The well-regarded International Monetary Fund boss Christine Lagarde has been convicted of criminal negligence in a trial that some in France have dismissed as highly politicized. The prosecutor in the case described last week the evidence against Lagarde as “very weak.” Lagarde was found negligent for not having ordered the appeal of an arbitration award. For those of you who don’t follow French politics: the New York Times has the best summary we’ve seen in English of what landed Lagarde in hot water in the first place (scroll down about 2/3 of the way through the piece.)
Lagarde will not step down and will not face jail time, the Guardian adds, while the Financial Times explains that “Within hours, however, the former French finance minister won the support of her board, clearing the way for her to continue on at the head of the fund.” The IMF executive board’s short, blunt statement is here.
A “night of terror” in Europe: Yesterday evening is being dubbed by some Western media outlets as the “night of terror” after a quick succession of three terror attacks rocked major European capitals:
Russia’s ambassador to Turkey was assassinated at a photo exhibition in an Ankara art gallery in a terror attack last night. Andrey Karlov was shot by a 22-year-old off-duty policeman in an attack captured on video (watch, runtime: 0:45) who cameras later captured shouting “God is great” and “Don’t forget Aleppo, don’t forget Syria.” Turkish authorities say the gunman was “neutralized” in a shootout with other officers. Both Russian President Vladimir Putin and Turkish President Recep Tayyip Erdo_an decried the attack as an attempt to undermine Russian-Turkish relations and sabotage efforts for peace in Syria, according to the state-owned Sputnik.
At least 12 are believed dead after a suspected terrorist ran a truck into a crowded Christmas market in Berlin. One person in the truck was dead at the scene and a second, believed to be the driver, has been arrested. Police are calling the incident a “deliberate act.”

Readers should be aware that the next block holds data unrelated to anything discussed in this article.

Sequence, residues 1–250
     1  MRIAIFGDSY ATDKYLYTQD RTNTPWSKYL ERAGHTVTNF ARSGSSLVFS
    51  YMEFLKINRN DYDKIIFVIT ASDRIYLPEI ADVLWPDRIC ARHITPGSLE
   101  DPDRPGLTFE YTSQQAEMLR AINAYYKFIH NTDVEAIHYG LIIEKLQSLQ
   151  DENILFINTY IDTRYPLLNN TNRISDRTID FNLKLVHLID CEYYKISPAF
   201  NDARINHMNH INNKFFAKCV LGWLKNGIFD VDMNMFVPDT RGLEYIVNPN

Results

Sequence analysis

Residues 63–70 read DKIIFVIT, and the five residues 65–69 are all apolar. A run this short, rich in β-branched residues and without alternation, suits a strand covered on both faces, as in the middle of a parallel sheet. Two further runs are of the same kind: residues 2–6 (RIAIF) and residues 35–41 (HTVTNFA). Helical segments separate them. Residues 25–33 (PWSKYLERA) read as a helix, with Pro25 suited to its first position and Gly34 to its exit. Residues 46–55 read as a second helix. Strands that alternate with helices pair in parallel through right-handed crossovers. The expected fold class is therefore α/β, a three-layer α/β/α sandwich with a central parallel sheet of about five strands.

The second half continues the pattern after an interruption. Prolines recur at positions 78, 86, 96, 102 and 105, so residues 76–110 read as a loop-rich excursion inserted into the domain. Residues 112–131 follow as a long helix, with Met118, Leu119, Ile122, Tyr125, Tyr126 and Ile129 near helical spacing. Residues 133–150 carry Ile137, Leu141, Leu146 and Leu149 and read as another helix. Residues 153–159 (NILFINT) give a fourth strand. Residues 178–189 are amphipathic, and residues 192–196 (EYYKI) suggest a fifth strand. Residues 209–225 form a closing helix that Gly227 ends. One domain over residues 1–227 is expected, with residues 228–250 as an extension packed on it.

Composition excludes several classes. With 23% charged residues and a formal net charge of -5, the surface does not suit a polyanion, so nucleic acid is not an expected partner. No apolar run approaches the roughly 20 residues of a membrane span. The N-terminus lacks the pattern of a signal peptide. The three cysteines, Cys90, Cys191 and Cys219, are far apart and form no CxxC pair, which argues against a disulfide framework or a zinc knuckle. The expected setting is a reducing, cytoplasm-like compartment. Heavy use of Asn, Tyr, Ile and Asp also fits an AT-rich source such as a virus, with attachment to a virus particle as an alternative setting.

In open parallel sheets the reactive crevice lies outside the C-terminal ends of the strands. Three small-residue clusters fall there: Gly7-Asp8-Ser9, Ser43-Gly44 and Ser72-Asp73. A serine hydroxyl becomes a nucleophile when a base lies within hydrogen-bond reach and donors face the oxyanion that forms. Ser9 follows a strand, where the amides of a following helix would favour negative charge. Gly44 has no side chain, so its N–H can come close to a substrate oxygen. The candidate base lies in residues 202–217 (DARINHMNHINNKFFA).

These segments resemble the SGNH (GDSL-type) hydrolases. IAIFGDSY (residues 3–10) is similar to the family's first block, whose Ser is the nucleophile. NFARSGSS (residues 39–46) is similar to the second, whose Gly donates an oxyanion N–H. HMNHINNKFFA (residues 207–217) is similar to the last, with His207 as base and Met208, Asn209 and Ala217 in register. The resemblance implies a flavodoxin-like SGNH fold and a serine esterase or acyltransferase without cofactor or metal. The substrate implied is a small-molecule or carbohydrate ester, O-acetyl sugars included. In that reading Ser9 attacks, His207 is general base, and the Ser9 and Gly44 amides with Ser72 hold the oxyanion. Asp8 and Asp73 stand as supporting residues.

Three people were wounded in a shooting at a mosque in Zurich when a gunman “stormed in … and opened fire on people praying.” Police said early this morning that the male gunman was still at large and were investigating whether a body found nearby was related to the attack, which they have not characterized as a terror attack. Speculation on social media is that the shooting was the work of right-wing terrorists.
Egypt denounced the assassination of the Russian ambassador, while members of the Ikhwan have reportedly described the attack as “heroic” in a poll posted on affiliate news network Rassd’s Facebook page, according to Youm7. Network owner Amr Farrag also allegedly hailed the attack on his official Facebook page.
Central Bank Governor Tarek Amer will reportedly meet with members of the Egyptian Automotive Manufacturing Association (EAMA) today to discuss the industry’s challenges in light of the float of the EGP and inflation at an eight-year high, Al Borsa reported. On the agenda: pre-float LCs, limits on deposits and withdrawals and caps on monthly repayment installments. Among those reportedly set to attend are senior leaders from GB Auto, Nissan Egypt, General Motors Egypt, Brilliance, and AAV.
The World Bank’s board of directors will vote today to disburse the second tranche of a USD 3 bn loan to Egypt. The vote follows thesigning of the USD 500 mn second tranche of the USD 1.5 bnAfrican Development Bank (AfDB) funding agreement yesterday after it was approved by the AfDB board last week. International Cooperation Minister Sahar Nasr is expected to sign another agreement with the EU today for financing SMEs, Al Shorouk reports.
Oh, and the US Electoral College (the body that — in historical terms — was conceived to prevent yokels from the sticks from exerting too much influence on a presidential election) voted yesterday to make Donald Trump the nation’s forty-fifth president, ending the liberal fantasy that electors would reject him. As the New York Times reports: “Normally a political footnote, the electoral vote acquired an unexpected element of drama this winter after Mr. Trump’s upset of Hillary Clinton, who received 2.86 mn more popular votes but won in states that totaled only 232 electoral votes. The states Mr. Trump won held 306 electoral votes.”